out to explore the city. Sueño (Dream, Nelson Serrano, 2004) combines blackand-white and color sequences to move a little boy from crowded contaminated
cities to the realm of make-believe through a storybook. El güije enamorado
(The Love-Struck Monster, Homero Montoya, 2005) depicts a grunting monster, recurrent in Cuban folklore, whose affection for a fair maiden smoothes out
his rough edges. El negrito cimarrón y la seda del marqués (The Little Black
Runaway Slave and the Marquis’s Silk, Tulio Raggi, 2004) narrates another
episode in this popular series featuring a crafty hero. These animated shorts—
and many others produced in recent years—impress for their cohesive narrative, ingenious humor, and technical acumen.
Recent Cuban animation has circulated widely on and beyond the island.
Studio products have been broadcast over television, exhibited in schools, and
screened as part of festivals and cultural events. The International Festival of
New Latin American Cinema, held in Havana each December, remains an
important venue for ICAIC animation. The year 2004 marked a turning point.
On the panel devoted to Cuba’s cinema, during the event, animation directors
and artists appeared alongside feature and documentary filmmakers. The studio
film professionals expressed their pleasure at sharing the stage with ICAIC
directors for the first time in the festival’s history. These individuals self-
Tradition Meets Technology
consciously inserted themselves into the nation’s film scene; they are aware
that increasing their visibility is critical to changing the perception of animation as a second-class mode of filmmaking.
Another event, the Muestra Nacional de Nuevos Realizadores (National
Exhibition of New Filmmakers) held in Havana, also is an important showcase
on the island. The February 2006 installment included five animation films
from Cuba—two made within ICAIC’s animation studios (El güije enamorado
by Homero Montoya and El lápiz by Ulises de Jesús Ramos); two created under
the auspices of the ICRT (El libro by Liván Rodríguez and Solución fácil by
Yurina Luis Naranjo); and one done independently by a student enrolled at the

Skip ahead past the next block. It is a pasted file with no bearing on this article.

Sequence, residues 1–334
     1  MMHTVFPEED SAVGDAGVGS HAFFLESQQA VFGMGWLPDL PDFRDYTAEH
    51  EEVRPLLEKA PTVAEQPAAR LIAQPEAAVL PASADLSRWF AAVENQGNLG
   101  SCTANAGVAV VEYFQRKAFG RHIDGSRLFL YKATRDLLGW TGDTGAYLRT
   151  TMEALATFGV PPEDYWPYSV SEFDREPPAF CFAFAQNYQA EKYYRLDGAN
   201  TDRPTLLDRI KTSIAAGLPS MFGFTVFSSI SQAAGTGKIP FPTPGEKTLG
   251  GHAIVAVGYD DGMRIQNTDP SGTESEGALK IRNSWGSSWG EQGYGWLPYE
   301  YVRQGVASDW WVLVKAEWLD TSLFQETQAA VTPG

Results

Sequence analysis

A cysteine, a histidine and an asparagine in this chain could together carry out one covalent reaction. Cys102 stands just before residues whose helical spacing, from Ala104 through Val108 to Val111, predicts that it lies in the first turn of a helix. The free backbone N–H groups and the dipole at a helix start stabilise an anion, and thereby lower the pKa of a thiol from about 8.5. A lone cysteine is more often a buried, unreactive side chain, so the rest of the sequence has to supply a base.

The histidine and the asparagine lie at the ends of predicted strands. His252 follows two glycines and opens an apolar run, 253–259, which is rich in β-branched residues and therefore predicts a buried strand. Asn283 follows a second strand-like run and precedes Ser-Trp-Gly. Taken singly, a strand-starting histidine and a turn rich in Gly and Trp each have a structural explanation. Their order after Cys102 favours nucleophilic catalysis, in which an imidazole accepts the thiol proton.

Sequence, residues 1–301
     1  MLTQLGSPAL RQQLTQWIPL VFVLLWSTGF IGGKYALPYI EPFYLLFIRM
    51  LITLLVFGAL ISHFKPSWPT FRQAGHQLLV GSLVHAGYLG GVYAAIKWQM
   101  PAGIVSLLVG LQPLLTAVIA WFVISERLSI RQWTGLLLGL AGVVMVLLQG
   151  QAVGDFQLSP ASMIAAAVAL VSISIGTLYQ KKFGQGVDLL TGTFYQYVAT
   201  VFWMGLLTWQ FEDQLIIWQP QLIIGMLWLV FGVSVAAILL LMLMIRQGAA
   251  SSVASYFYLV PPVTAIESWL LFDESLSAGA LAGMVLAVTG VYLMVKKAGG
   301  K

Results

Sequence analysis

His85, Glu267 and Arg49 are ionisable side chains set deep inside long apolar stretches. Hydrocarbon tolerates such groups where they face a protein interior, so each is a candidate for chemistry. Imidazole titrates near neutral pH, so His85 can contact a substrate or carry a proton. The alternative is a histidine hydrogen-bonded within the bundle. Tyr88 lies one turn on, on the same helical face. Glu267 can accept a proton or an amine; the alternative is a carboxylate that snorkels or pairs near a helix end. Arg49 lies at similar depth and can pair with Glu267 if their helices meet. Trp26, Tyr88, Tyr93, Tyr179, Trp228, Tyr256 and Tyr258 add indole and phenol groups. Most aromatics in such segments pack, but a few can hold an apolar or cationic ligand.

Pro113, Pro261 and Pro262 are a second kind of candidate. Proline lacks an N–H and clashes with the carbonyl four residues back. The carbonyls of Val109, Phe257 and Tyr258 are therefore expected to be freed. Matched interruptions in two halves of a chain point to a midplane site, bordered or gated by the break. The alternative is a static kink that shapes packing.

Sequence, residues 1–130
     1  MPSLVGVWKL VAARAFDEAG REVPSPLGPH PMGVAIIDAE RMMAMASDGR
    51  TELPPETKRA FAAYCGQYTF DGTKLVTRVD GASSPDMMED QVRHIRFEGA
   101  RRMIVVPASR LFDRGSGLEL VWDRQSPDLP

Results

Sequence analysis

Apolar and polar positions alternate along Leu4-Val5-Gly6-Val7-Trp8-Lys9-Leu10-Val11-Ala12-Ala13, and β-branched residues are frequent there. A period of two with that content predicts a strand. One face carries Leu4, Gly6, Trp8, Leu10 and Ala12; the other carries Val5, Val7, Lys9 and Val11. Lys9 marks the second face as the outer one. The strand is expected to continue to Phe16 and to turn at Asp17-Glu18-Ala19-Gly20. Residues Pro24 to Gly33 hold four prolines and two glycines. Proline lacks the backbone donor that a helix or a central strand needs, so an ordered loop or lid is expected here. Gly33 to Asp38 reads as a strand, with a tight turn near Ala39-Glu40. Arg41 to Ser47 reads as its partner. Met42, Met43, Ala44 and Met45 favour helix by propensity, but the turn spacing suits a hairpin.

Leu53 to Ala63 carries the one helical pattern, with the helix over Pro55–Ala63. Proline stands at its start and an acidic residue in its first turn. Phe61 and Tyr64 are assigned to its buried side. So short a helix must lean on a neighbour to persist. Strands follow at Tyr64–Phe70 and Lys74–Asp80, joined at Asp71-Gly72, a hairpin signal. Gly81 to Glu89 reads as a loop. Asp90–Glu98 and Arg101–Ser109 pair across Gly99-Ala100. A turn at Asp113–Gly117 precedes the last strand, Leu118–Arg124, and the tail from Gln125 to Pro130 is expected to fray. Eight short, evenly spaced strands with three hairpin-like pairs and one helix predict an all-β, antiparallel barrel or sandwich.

Instituto Superior del Arte (Todo por Carlitos by Ernesto Piña Rodríguez). In
2007, four works were featured—one from the ICAIC studio (Patricia y Golosita by Rayner Valdés); and three from artists working independently (Erpiromundo by Ernesto Piña Rodríguez and Hombres verdes and Jurassik Cube,
both by Yimit R. González).
The animation studio has stepped up efforts to place its production in
international festivals. For example, six works competed in the Prix Jeunesse
Iberoamericano Festival in Chile in 2005. Three of these garnered prizes:
Alexander Rodríguez’s opera prima entitled Nené Traviesa (2003), El árbol de
la vida (Tree of Life, 2002) by Mario Rivas, and Para curiosos 7–8 (For the
Curious 7–8, 2004) by Ernesto Padrón. In 2006, I selected various animated
works from Cuba as part of a program I curated for the Havana Film Festival in
New York. The following year, I selected various animated works from Cuba as
part of a program I curated on the island’s recent audiovisual production.
Members of the audience applauded the animated shorts and congregated outside after the screening to express their enthusiasm and hear more about Cuban
animation. Given the high quality of the studio’s output, it comes as no surprise
that Cuban animation features prominently at festivals on and beyond the island.
The studio moved from participating in international festivals to actually
creating one of its own. ICAIC’s animation studio was instrumental in establishing the Festival Internacional del Audiovisual para la Niñez y la Adolescencia (International Audiovisual Festival for Youth and Adolescence) in Havana.9